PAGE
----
Plastics producers among the European companies coming to the rescue / Face protection and materials for essential workers
In the coronavirus era, protective face masks have become the new “must-haves”, and some even swear they’re worth their weight in gold. Regarded as an essential industry, the plastics sector has rallied to the cause to donate materials, spare parts or even finished products, in particular to alleviate shortages of personal protective equipment (PPE) such as masks in the medical sector.

Eastman Chemical (Kingsport, Tennessee / USA;, responding to PPE shortages across the US, recently launched a collaboration with compounder Rotuba (Linden, New Jersey / USA; to supply face shields to first responders, hospitals and small businesses. Rotuba’s Pen Company of America facility in Garwood, New Jersey, is using Eastman’s cellulose acetate to manufacture 75,000-100,000 of the splash guards per week.

Rotuba said it was quickly able to transition its business operations from manufacturing pens, while adapting operations has also provided important job security for its employees. The company added that the Eastman material provides the necessary optical quality, chemical resistance to hospital cleaning agents and the ability to be easily shaped for this application. Eastman has also donated material for face shield production to US lighting and rigging firm ETC (Middleton, Wisconsin / USA;

In Germany, Ineos Styrolution (Frankfurt / Germany; donated 1,375 kg of ABS to the Institute of Polymer Technology at the Friedrich-Alexander-Universität Erlangen-Nürnberg to produce 100,000 pairs of protective glasses for frontline healthcare workers in local hospitals. Also in Germany, engineering plastics producer Covestro (Leverkusen / Germany; supplied the city of Dormagen with masks 3D-printed from rigid plastics. The masks, into which a filter can be inserted, can be disinfected and used multiple times.

Two UK plastics companies are on the frontlines of the countrywide effort to protect healthcare workers (see of 08.05.2020). Röchling Engineering Plastics UK (Gloucester;, subsidiary of the German plastics group Röchling (Mannheim;, is supplying engineering grades of plastics, such as PTFE and acetal, to Britain’s NHS for use in technical and hygienic applications.

PET producer Alpek Polyester UK (APUK, Redcar;, which normally focuses on bottles and trays, is now supporting the supply of face shields for the NHS by donating resin for their manufacture by companies in the UK and Ireland. Face visors are normally made from polycarbonate, but the material is too heavy and – in contrast to PET – is not optimally recyclable, the company said. As well as being safe, light, transparent, durable, resistant to fogging as well as quickly and readily available, the 20 g PET visors also are said to cost less to make.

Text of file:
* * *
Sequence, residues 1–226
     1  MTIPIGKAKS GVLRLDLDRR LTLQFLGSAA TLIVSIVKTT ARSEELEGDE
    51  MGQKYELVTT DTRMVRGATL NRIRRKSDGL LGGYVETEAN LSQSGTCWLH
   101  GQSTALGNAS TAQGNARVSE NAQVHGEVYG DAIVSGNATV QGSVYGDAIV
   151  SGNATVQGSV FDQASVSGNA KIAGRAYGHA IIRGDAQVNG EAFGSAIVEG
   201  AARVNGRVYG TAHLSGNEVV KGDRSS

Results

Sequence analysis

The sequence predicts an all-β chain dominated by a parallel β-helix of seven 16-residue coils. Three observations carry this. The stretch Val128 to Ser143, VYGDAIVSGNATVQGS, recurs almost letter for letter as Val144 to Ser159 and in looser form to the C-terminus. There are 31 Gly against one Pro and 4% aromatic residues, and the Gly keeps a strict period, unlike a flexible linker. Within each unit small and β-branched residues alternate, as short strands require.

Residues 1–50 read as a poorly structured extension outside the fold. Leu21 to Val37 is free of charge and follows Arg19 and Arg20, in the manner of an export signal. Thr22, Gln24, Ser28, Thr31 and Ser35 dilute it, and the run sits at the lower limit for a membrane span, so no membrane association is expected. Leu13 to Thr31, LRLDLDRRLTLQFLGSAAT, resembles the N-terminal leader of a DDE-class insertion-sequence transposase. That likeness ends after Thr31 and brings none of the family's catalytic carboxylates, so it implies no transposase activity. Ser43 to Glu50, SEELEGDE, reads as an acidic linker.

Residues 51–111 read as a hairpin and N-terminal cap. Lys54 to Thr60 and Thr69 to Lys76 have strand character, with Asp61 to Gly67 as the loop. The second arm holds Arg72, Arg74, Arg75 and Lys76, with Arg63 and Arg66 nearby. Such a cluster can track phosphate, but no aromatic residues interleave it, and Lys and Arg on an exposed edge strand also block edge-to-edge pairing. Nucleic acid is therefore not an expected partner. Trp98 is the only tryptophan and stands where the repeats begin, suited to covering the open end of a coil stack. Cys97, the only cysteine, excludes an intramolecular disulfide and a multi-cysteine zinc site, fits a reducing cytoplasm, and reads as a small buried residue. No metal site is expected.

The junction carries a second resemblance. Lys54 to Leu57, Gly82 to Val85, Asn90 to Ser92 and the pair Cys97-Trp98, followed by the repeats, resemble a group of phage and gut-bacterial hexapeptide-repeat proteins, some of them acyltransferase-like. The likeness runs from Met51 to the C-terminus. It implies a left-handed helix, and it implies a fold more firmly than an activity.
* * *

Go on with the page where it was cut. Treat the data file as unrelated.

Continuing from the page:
Outside the plastics sector, UK-based online marketing firm Float Digital (Falmouth; is 3D printing protective masks made from recycled plastic water bottles to be supplied to healthcare professionals.

Meltblown pilot line at Borealis’ innovation site in Linz / Austria (Photo: Borealis)
Austria-based Borealis (Vienna; has started producing meltblown fabrics for use in face masks on a repurposed line in Linz. The olefins and polyolefins giant said it was able to quickly scale up to produce rolls of fine fibre fabrics made of a new proprietary polypropylene meltblown resin. The fabric boosts filtration properties in the mask, due to its capability for finer fibres, the company explains. By exploiting a robust network of value chain partners, local and regional governmental organisations and NGOs across the country, Borealis said it is helping bolster the supply of filtration media to increase PPE for healthcare workers and others.

In Italy, RadiciGroup (Bergamo / Italy; and Rimplast (Bergamo; have teamed up to supply face shields, building on a project begun by the young members of the Interact Bergamo club, who made 300 visors in collaboration with 3D digital printing lab FabLab. The two plastics industry companies are concentrating on injection moulding for the shields. After being asked by doctors using the shields to donate polyamide resin to the effort, Nicolangelo Peduto, R&D manager of RadiciGroup High Performance Polymers, said the company began collaborating with local plastics processor Rimplast, which moulded the visor frames.

The US can also boast a number of industrial companies contributing to efforts to produce face shields from plastics, but others are also getting into the game. The Professional Association of Diving Instructors (PADI), a group used to wearing masks, is now supplying shields of another kind made from recycled plastic water bottles in partnership with Rash’R, a company that sells eco-friendly active wear. PADI says its masks are machine washable, double-layered and come in a variety of colours. Each is packaged together with five reusable carbon-activated filters designed to last eight hours each. The association calculates that, based on the number of pre-orders up to late April, making the masks may have helped about 576 kg of plastics waste to be removed from the ocean.
18.05.2020 [245121-0]
Published on 18.05.2020

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